The Moving Creatures is the least Brazilian Brazilian film of the year. Caetano Gotardo’s triptych of short tales features a sense of experimentation and poetic license mostly seen in European cinema. In his world, sadness makes itself known through short sentences and long pauses, teenagers muse about leaves and wonder about the existential temporality of black swans, and the quiet buttering of bread deserves a long take. It’s perhaps quietness that makes the film so refreshingly un-Brazilian. The nation’s storytelling has too often been about drama, prolixity, and hysteria, and its contemporary filmmakers have rarely played with film structure and style. In The Moving Creatures, silence is both a stylistic and narrative strategy, offering us an opportunity to roam through Brazilian space without its traditionally soap-operatic cacophony. The film is also reticent when it comes to its visual cues, as the most crucial elements of its stories are only referred to, but never really shown, such as the used condoms lovers leave behind at a São Paulo park, a suspicious computer, and a falling body.
Behind the film’s quietness is, of course, the certainty that too much peace hides turmoil. By the time something finally happens, the audience is rewarded, or cursed, with a dreadful jolt. Something happening, in the context of The Moving Creatures, can mean a literal death, the sudden recognition of the fragility of filial bonds, and grieving mothers breaking out in song, a motif that concludes all of Gotardo’s three stories. These songs, so delicate and daring, are about melancholy and mourning, an attempt to express the impossibility of knowing one’s child. These brief performances are unlike musicals, and much closer to the pathos of an aria or a fado. They also evoke a socially conscious brand of Brazilian popular music, from the canonical funk of “Rap do Silva” by MC Bob Rum, about a regular Joe from the favela who gets shot on his way to work, to Adoniran Barbosa’s classic “Iracema,” which tells the story of a man who’s left with only a shoe, not even a photograph, to remember his dead lover.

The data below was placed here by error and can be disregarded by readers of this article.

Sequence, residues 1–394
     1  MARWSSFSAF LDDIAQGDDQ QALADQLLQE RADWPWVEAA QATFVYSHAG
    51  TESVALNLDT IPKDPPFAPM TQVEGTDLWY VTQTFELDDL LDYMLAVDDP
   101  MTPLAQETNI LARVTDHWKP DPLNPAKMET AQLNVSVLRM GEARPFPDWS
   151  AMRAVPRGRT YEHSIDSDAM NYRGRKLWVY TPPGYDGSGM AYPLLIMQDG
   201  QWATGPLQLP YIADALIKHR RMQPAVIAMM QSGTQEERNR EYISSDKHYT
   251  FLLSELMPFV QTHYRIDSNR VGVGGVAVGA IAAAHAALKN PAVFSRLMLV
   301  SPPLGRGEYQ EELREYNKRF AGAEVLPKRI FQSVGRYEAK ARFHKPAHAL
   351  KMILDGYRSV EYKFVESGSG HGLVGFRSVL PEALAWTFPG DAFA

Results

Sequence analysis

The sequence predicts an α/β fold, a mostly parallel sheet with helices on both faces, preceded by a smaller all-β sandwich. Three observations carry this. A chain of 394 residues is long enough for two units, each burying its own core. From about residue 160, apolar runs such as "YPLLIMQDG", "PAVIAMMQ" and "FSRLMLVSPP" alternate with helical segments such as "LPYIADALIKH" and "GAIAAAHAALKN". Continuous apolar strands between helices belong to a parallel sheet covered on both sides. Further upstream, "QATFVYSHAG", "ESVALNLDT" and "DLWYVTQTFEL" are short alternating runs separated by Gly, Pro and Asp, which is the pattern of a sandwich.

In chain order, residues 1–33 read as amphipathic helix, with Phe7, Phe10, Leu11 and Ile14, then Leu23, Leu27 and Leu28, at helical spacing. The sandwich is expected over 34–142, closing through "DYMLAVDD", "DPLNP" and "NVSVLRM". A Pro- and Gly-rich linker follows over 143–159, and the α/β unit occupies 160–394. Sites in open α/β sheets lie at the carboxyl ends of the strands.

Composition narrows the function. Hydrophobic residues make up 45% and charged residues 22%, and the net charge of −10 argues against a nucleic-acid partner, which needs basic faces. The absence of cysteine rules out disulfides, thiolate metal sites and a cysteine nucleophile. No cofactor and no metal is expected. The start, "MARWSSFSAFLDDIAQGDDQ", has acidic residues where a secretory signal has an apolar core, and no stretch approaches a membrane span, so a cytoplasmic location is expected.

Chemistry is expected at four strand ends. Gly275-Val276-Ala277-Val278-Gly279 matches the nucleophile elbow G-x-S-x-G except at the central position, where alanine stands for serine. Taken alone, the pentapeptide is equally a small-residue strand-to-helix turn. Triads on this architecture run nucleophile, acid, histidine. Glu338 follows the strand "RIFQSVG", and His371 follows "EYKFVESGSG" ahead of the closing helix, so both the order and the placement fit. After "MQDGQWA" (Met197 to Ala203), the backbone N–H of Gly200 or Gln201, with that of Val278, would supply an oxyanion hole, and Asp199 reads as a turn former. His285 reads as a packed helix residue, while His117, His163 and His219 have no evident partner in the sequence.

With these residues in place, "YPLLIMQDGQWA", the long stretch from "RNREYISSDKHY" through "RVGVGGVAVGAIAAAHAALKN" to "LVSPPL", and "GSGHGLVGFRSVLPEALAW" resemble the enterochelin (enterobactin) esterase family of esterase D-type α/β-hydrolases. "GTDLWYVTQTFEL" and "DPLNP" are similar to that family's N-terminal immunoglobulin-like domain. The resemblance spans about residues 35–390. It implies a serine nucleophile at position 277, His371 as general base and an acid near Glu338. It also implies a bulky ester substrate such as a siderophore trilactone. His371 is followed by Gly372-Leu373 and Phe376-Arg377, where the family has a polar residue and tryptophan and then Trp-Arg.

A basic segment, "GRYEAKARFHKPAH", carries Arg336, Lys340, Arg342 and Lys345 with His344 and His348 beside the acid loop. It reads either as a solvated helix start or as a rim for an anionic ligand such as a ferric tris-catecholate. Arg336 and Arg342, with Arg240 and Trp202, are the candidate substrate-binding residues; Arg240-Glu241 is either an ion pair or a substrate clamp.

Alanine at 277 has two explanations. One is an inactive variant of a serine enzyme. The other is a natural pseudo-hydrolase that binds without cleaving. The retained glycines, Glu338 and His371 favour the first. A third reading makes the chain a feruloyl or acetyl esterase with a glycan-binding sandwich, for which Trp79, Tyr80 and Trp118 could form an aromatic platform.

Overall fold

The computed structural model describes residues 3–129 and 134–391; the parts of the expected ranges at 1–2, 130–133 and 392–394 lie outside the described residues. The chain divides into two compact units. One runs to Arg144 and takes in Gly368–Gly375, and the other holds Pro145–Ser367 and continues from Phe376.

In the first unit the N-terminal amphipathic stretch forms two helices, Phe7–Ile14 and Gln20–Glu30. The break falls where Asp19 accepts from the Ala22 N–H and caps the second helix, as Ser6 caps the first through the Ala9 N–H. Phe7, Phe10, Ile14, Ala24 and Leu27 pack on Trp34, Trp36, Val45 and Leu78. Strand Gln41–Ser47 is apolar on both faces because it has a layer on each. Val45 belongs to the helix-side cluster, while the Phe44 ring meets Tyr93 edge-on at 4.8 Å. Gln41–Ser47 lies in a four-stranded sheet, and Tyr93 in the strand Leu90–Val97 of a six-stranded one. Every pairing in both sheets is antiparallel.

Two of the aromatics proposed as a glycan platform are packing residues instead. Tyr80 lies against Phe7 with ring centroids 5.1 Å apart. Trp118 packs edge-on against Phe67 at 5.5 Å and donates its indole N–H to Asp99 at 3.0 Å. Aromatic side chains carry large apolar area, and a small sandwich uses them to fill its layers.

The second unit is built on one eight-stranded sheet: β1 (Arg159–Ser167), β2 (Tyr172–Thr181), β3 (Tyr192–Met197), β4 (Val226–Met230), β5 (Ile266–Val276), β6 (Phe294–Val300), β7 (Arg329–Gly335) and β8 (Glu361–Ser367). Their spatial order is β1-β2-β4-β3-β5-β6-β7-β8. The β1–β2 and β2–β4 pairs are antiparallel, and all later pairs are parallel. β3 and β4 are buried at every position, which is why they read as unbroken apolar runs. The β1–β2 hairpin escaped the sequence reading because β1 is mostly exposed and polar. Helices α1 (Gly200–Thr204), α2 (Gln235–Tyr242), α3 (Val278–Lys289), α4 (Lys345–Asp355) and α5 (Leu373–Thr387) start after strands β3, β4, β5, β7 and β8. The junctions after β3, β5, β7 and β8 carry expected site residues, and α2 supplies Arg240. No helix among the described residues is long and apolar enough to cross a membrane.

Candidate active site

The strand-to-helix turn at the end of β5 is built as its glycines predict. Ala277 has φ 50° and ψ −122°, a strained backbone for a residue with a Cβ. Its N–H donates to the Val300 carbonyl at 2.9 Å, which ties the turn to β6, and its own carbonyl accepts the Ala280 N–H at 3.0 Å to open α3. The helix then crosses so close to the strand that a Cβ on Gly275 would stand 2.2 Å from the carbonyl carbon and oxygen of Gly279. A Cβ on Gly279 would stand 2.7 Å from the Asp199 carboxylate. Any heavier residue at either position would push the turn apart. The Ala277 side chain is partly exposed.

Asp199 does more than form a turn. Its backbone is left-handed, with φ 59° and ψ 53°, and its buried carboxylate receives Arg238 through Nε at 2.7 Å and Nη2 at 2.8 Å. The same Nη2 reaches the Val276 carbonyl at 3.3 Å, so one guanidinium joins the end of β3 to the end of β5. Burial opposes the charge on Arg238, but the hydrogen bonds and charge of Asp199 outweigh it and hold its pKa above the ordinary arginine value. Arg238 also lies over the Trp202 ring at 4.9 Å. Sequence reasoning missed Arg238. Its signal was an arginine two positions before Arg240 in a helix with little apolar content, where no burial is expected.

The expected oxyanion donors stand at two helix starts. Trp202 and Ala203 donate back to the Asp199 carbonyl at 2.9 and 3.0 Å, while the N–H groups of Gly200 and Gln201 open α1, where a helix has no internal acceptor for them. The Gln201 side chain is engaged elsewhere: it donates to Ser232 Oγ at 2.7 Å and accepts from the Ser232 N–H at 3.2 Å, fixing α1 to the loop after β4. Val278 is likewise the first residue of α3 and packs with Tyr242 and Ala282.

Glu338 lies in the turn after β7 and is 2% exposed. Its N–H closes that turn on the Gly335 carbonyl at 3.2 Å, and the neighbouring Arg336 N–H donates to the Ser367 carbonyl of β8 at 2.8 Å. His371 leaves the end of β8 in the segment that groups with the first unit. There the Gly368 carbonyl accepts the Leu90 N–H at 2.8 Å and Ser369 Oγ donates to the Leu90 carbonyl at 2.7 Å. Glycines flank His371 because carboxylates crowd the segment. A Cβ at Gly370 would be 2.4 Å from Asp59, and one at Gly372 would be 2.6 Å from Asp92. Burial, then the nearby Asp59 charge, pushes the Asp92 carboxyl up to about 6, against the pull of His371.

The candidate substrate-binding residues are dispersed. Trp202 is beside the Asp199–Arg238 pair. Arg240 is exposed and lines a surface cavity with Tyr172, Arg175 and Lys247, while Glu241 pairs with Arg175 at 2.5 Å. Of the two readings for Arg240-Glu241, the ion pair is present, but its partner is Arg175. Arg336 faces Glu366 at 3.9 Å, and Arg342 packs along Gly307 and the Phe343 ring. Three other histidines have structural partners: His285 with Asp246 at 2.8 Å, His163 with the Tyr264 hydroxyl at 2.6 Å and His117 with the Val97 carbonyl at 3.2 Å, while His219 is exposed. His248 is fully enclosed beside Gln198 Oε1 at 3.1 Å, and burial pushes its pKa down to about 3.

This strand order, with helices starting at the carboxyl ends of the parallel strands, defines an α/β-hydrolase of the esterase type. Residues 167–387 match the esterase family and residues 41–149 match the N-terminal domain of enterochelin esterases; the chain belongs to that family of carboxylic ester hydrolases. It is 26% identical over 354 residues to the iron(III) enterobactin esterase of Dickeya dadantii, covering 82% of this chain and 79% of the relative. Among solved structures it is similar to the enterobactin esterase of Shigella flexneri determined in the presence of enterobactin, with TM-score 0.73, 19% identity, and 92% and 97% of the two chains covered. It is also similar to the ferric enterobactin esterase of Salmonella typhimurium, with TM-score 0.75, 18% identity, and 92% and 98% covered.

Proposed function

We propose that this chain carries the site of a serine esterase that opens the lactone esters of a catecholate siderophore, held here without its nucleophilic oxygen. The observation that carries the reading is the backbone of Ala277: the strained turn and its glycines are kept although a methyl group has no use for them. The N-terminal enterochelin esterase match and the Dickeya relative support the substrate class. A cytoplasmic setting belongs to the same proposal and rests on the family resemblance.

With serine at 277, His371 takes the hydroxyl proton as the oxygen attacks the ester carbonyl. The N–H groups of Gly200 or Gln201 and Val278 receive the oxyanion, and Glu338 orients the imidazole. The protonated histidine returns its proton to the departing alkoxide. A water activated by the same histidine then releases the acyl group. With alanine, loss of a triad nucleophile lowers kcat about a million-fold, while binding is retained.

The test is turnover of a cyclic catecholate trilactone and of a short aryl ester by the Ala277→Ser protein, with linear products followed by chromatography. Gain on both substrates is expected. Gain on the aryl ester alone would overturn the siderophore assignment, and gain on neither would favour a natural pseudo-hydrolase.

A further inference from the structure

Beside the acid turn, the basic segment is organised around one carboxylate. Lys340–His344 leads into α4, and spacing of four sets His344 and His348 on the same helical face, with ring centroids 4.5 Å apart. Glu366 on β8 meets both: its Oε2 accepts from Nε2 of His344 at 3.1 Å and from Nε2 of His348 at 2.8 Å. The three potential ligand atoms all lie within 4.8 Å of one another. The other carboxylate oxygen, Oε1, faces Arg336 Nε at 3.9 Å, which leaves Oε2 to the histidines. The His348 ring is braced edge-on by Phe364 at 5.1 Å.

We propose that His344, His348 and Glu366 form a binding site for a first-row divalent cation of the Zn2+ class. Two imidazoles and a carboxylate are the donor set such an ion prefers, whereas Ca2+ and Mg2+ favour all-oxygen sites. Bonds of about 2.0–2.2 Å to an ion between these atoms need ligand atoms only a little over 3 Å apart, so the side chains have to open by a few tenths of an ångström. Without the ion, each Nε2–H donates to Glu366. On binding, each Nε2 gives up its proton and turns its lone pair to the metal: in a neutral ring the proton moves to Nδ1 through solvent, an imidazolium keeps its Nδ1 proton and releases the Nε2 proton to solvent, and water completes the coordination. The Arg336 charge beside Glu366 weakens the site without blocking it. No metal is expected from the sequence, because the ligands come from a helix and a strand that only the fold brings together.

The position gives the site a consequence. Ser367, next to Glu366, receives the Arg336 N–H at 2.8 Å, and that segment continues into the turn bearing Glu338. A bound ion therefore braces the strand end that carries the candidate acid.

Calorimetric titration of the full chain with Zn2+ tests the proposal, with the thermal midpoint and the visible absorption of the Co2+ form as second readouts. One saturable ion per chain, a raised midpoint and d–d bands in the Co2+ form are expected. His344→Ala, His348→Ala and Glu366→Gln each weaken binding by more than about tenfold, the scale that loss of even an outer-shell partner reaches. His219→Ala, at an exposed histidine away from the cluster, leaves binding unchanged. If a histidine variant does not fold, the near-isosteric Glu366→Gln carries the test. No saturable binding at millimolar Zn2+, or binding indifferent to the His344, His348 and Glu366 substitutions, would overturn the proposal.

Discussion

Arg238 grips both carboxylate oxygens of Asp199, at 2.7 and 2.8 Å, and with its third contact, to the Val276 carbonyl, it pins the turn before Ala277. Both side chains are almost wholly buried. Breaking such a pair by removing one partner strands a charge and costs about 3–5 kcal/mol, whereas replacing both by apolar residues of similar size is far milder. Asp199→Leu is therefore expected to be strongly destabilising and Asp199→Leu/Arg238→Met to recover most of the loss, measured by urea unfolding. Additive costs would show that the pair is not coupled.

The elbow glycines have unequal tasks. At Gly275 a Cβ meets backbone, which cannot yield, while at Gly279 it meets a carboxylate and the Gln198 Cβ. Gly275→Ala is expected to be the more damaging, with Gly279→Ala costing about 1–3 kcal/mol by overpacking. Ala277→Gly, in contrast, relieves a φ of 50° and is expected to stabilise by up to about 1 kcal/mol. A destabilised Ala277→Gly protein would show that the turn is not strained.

Doing justice to the delicateness of the subject matter (repressed memories and desires), Gotardo borrows from this narrative musical tradition as he favors the concision of a short story, or a song instead of the literality of words. The anguish that permeates the film recalls the magnificent Pan Pleure Pas, Portuguese filmmaker Gabriel Abrantes’s 2014 collection of three short stories about silenced human misery and speaking drones. In both films, the experience seems to take place beyond language, as some sort of emotional infection. Gotardo’s fondness for cutting scenes precisely when a character calls somebody’s name, as though they weren’t going to be really heard anyway, or when they reach for an object, also feel wonderfully counter-paradigmatic, the kind of self-reflective filmmaking that knows cinema to be something much more opaque than just a vehicle to tell stories.